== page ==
The pathway to Net-Zero: Why 2024 looks promising

The pathway to Net-Zero: Why 2024 looks promising

January 26, 2024
Time to read: 8 minutes
Jan Gerhard Norstrøm

The Net Zero concept was considered to be far, far into the future before the pandemic. Next week, I am attending The Global Summit on Net Zero Energy Production in Amsterdam.  The conference is about how the oil industry will reach Net Zero. Thankfully, both low environmental footprint production and carbon capture and storage (CCS) are supported by the technology we supply and that we will further enhance via R&D.

It is first when there is a lack of something you are used to that human nature realizes the consequences of not having it. When Europe had an energy crisis due to the war in Ukraine, it was a wake-up call for the importance of energy security. The energy trilemma where security trumps sustainability in the short term was obvious. 2022 was the year we achieved a balanced discussion about the energy trilemma and its importance, and words came into action, both in terms of security and energy transition.

In 2019, Repsol set the standard by being the first company in the Energy sector to set the challenge of becoming a net zero emissions company by 2050. Soon after, there was a chain reaction from the largest energy companies worldwide. BP, Shell, TotalEnergies, ConocoPhillips, ExxonMobil. They were all on board.

During 2023, the oil and gas industry has gone all in for CCS, and they also realized the cost savings of using simulation technology. No one needs to build expensive pilots when they can simulate on a computer instead and then design and build the facility. This is how one develops oil and gas fields, which this industry knows well.

From the Norwegian cement fabric Brevik building the first full-scale carbon capture plant at a cement factory planned to be completed in 2024, to Hydro’s roadmap to zero-emission aluminum production, to the Northern Lights project – Norway’s first license for CO₂ storage on the Norwegian Continental Shelf.
2023 was the year we saw and experienced investments by the energy companies. If everyone delivers on promises during 2024, the power of our joint action with a common goal will be tremendous. The energy sector holds the key to unlocking the global climate challenge.

Accelerating Net Zero with the LedaFlow simulator

A year ago, I wrote: This time next year, I would love to be talking about even more companies seizing the opportunity to join us”.

It’s a great pleasure to say that Ledaflow’s CO2 Flow project has gotten three more companies joining since I wrote that sentence. The Brazilian oil company Petrobras (the world’s third-largest oil company), the German oil and gas producer Wintershall Dea, and the Norwegian player AkerBP.

The CO2Flow project (link) now has 7 energy companies participating in R&D to enhance simulator technology for transportation and injection of CO2 at lowest possible cost. They work closely together with the suppliers Kongsberg Digital, SINTEF Energy, SINTEF Industry, and LedaFlow Technologies. We believe 2024 will be an exciting year with new technology that will be put straight into use on CCS projects. We are still open for new participants in the CO2Flow project that is planned to complete in 2026 with improvements to simulator technology every year going forward.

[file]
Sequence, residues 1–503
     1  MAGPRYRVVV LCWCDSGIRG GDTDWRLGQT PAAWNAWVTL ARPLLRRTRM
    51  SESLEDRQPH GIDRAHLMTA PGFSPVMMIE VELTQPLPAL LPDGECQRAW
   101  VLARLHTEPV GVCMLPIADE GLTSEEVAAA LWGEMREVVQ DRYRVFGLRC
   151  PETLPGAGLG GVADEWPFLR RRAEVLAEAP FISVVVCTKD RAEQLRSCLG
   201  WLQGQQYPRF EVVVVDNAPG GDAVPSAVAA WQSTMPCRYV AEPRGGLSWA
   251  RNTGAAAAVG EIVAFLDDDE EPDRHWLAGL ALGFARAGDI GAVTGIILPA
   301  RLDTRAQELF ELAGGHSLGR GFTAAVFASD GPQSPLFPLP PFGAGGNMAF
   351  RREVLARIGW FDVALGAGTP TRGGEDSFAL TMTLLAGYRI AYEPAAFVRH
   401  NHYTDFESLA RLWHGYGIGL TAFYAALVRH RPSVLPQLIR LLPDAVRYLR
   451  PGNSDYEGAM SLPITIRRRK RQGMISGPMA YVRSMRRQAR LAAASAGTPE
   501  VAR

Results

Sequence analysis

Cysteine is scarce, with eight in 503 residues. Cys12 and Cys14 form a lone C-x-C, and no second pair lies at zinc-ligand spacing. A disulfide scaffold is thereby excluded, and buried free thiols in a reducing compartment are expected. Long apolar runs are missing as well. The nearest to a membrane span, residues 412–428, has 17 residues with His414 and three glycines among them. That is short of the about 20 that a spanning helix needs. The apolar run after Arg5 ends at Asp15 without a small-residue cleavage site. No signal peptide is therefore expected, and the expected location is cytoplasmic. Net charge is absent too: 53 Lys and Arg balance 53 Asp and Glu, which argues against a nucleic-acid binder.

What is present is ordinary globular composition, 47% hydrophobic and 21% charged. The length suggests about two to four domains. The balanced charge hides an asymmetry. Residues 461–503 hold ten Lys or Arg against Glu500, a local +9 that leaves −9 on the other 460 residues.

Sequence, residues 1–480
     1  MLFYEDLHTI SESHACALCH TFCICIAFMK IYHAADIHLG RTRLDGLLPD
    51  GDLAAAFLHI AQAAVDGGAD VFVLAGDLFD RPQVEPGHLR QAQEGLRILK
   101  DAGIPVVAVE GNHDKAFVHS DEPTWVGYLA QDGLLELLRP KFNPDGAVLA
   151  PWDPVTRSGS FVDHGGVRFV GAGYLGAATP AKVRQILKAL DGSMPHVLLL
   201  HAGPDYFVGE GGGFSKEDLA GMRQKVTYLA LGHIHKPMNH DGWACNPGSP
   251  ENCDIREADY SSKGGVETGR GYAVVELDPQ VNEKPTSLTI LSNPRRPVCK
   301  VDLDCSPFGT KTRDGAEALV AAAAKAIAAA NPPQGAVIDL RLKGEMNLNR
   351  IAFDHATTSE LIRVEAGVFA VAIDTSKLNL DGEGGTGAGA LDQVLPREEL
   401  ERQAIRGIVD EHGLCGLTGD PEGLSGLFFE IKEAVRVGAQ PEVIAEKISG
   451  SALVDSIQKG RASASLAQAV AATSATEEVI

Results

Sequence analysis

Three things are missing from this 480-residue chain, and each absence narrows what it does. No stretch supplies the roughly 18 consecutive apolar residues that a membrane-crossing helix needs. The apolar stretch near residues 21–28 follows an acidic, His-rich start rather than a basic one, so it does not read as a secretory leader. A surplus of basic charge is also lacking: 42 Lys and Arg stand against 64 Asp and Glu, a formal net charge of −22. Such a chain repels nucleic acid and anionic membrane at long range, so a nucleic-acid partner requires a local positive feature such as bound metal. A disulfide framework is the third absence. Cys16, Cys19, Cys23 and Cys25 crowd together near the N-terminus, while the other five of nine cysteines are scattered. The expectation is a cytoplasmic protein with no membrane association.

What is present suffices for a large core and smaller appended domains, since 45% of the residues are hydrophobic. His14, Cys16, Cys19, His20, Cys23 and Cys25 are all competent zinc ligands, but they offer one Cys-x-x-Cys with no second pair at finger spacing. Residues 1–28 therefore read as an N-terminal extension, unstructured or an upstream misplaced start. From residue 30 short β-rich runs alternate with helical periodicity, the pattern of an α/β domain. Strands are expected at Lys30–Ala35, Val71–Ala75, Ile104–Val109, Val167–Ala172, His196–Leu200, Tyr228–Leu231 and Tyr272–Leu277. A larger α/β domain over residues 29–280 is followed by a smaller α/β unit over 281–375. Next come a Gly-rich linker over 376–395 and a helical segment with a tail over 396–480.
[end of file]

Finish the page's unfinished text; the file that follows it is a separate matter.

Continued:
New technology can make an immediate impact on our carbon footprint.  By using simulation when designing new Oil and Gas facilities, you can significantly decrease uncertainty in design and allow developments with reduced emissions.

Reaching Net Zero is more than carbon capture technology and renewables

Reaching the noble goal of becoming net zero requires more than just deploying CCS and developing renewable energy. We need to be mindful of the material consumption (e.g., steel, copper, nickel, cobalt, etc.) that we use to develop, build, and operate future energy production.

The future oil and gas production is no exception. Low emission production will be needed and LedaFlow can contribute by improving simulator technology to meet this.

Why should developing tieback oil fields be limited by 30 to 60km instead of 100 km? Imagine how this will bring down the footprint voiding FPSOs, tank- and supply ships, and manned installations. This requires continued research of simulator technology together with physics and experimental setups to test new ways of securing oil production over longer distances.

Digitalization and optimization using AI are useful for many things, e.g., to optimize when data and knowledge are available. But to deliver on this would rather be a combination of experimental physics, testing of materials, chemicals, etc., and further development of modern simulator technology to understand the impacts. What we have done with our simulator for the last 20 years for oil and gas production must be further developed, even perfectioned.

We need to continuously keep pushing design limits and break barriers to reach new milestones. This eventually will provide new opportunities to reduce the footprint in future production. This, I believe, is required to go net zero.

Together with David Baumley, I will address ongoing research and visions for LedaFlow during my talk at the Global Summit on Net Zero Energy Production in Amsterdam next week – hope to see you there!

About the author

The pathway to Net-Zero: Why 2024 looks promising

Jan Gerhard Norstrøm

Managing Director, The LedaFlowTechnologies Joint Venture

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